German-based Getty Images snapper Matthias Hangst captured this eye-catching shot of world 100m hurdles record-holder Kendra Harrison at the 2017 IAAF World Championships in London. Matthias offers his take on the image.
“As a former steeplechaser, I’ve always had a close connection with athletics and it is one of my favourite sports to cover. Athletics always offers such variety – running, jumping and throwing. It is also one of the last sports to take place in the daytime. It is true that 100m final is often at night, but because of the long days of action some of the athletics programme is always in the sunlight, which is great for photography because we need light. As photographers we also love to take photos and another attraction of covering athletics championships is we get eight hours a day to take photos - far more than for a 90-minute football match.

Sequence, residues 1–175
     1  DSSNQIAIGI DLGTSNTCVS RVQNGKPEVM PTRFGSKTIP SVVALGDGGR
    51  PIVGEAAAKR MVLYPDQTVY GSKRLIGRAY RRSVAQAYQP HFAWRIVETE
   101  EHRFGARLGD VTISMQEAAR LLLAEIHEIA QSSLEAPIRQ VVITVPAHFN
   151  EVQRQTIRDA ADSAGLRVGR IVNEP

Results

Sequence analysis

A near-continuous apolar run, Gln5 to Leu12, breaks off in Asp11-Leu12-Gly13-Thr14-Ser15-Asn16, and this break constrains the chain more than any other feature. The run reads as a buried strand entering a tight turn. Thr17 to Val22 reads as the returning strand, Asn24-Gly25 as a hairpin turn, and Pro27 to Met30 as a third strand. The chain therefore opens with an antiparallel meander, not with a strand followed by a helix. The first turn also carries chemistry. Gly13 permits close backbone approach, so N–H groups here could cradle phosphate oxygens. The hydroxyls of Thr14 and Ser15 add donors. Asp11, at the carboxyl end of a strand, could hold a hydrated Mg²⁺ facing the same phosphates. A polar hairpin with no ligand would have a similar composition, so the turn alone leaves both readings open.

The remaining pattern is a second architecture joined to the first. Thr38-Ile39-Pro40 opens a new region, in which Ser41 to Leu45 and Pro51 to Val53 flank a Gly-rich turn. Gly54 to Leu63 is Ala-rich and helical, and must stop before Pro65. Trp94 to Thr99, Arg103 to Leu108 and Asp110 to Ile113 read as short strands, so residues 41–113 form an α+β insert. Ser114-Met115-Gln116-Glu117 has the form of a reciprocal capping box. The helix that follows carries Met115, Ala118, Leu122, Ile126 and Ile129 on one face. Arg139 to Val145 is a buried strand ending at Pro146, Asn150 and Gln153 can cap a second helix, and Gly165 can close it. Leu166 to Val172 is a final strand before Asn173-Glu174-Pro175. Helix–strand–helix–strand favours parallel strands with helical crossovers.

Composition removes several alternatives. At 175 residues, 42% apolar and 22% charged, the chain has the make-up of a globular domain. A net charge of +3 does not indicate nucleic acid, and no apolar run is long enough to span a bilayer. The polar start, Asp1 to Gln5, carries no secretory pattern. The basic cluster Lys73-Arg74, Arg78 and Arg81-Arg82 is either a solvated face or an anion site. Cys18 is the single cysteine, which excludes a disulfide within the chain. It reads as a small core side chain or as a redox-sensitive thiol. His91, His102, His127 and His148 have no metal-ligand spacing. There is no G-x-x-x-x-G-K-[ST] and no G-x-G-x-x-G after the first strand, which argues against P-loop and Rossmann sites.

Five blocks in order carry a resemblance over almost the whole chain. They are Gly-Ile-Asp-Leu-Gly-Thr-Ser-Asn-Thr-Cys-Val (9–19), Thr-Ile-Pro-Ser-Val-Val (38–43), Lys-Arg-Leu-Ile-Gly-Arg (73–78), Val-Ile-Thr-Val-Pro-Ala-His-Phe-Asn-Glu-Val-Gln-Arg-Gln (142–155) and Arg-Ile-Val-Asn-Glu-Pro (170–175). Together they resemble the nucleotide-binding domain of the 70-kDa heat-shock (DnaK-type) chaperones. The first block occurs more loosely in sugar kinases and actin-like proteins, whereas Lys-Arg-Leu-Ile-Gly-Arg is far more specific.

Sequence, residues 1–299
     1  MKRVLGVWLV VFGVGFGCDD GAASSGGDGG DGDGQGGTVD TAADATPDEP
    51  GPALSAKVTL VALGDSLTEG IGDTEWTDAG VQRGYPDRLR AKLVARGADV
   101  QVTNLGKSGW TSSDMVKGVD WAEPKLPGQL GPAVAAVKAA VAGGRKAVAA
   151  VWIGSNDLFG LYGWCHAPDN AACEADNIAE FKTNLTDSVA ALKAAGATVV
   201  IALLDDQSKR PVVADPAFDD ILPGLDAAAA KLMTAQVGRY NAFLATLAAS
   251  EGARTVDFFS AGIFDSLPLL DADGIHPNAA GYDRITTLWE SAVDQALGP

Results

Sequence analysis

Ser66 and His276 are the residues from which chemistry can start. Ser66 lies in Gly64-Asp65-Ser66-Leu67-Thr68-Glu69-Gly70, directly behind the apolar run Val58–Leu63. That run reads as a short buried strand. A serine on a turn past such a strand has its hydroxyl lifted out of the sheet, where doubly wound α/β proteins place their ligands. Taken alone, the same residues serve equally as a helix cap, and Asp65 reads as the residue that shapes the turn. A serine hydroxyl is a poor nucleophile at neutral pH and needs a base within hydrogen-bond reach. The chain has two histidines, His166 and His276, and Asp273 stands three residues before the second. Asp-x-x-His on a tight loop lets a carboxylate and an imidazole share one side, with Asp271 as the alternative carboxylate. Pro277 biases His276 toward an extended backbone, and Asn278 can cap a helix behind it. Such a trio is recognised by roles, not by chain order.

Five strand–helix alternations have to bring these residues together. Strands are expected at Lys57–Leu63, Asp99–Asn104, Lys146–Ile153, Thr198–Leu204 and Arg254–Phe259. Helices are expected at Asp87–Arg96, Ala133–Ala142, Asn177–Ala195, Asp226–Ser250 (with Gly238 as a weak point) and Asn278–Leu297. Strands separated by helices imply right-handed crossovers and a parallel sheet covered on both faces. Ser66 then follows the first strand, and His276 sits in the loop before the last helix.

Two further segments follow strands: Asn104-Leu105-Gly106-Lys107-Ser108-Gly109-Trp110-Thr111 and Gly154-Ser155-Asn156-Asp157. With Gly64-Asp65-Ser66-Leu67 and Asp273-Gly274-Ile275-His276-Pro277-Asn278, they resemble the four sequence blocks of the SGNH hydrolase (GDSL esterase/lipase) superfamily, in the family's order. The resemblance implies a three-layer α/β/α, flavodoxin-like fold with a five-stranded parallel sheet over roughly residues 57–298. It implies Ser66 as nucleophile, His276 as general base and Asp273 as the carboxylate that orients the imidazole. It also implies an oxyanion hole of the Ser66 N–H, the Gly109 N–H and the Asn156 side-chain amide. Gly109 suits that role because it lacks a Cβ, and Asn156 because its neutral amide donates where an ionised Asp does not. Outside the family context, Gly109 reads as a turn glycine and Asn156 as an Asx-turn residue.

“Taking a shot of an athlete under the hurdles is nothing new. On this particular day in London I was assigned a finish-line position where my basic job was to capture athletes’ reaction as they cross the finish line. There is, however, a little scope to take some other types of shots like this one looking through the hurdles – but why this works so well it is Kendra’s body shape.
“There are a few of technical challenges for this type of picture to work. During the day, for example, it rarely works as the sun hits the surface of the track creating a heatwave which leaves the picture out of focus. So, as this picture was taken in the evening on a cooler track this was not a problem. The second challenge is I needed to shoot this image with quite a long 600mm lens.
“I was obviously keen to shoot Kendra because of her status within the sport and I had a bit of a feeling it might work, although I could not predict her body shape. The other reason it works are the nice colours - blue, pink and purple. Advertising boards are also often a big issue and as photographers we prefer a clean background but in this instance, the hurdle obscures the advertising and the official is mainly hidden.
“So, this image works because of the colours, the nice background, the body shape and the athlete’s face looking up towards the camera.”
Steve Landells for the IAAF